Earlier this week we had the cautionary tale of Lane Kiffin, who is being sued (alongside USC) by former player Brian Bauchum for allegedly forcing him to play while knowing he was ill.
Now comes the cautionary tale of Springbrook High School in Silver Spring, Md., where the staff inadvertently turned a problem from bad to worse. The staff suspected one player had contracted a staph infection, and sprayed down the locker room in an attempt to eradicate the issue before it swallowed the entire team. Problem was, they used the wrong cleaning agent (Virex II 256), and a number of players suffered first- and second-degree burns in the process.
From the Washington Post:
“In an effort to be proactive and do the right thing by kids, we messed up,” said Springbrook principal SamRivera. “We made some serious mistakes with how the material was used.”
The label on the Virex II 256 states the chemicals inside can cause irreversible skin burns, and to make matters worse, the staff did not inform parents of the issue and their ill-advised clean-up effort. (The paper notes that building services was responsible for sanitizing the locker room.)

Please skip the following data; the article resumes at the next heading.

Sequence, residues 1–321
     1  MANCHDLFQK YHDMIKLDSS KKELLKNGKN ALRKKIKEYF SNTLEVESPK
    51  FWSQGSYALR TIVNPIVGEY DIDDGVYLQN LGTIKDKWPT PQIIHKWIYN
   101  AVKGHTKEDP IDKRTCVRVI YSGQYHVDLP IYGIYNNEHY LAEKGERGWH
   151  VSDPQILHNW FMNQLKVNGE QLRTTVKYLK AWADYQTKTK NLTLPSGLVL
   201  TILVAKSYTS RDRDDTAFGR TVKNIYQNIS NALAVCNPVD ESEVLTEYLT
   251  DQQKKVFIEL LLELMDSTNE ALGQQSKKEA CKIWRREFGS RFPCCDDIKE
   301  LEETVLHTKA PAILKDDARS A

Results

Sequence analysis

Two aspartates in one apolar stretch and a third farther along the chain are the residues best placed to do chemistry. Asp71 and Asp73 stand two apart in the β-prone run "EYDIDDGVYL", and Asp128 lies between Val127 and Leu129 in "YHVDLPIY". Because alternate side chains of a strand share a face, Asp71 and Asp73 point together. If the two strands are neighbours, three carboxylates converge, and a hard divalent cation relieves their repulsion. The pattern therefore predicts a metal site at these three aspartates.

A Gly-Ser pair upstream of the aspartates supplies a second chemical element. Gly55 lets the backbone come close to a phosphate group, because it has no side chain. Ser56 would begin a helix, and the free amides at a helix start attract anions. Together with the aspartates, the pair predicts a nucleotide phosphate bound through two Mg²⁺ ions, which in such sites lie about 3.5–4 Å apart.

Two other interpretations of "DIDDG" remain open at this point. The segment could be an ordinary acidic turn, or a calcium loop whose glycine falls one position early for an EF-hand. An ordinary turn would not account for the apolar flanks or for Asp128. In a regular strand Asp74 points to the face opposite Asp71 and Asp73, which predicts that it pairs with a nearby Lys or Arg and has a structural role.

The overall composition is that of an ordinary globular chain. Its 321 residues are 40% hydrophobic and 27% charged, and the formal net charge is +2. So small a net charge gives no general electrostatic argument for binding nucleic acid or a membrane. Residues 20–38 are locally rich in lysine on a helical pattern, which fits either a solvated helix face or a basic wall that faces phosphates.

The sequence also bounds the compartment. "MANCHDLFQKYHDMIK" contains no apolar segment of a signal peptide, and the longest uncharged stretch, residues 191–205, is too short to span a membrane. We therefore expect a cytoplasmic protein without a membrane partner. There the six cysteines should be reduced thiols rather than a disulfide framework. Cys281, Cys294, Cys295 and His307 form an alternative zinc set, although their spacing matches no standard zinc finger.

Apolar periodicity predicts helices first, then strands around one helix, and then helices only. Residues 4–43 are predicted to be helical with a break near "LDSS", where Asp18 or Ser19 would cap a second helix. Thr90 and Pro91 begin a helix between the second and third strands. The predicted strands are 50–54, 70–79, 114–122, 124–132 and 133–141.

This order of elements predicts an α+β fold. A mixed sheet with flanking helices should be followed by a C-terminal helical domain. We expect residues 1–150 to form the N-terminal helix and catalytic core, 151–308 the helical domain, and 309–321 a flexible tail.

Several players started showing evidence of burned skin during practice on Sept. 16, and a number had to seek medical attention after the three-hour practice, but head coach Adam Bahr did not realize there was a serious problem until the morning of Sept. 17.
The Blue Devils' Sept. 19 game was rescheduled for Monday, Sept. 22, which Springbrook lost 56-6 after a number of varsity players missed due to lingering burn issues.
Needless to say, the school has a mess on its hands - with a number of parents considering a lawsuit.
We have no insight on the particulars of this case, but it sounds as if the school can spread blame from top to bottom. The lesson, though, remains the same: health issues are always an extremely serious matter, and always, always rely upon your experts.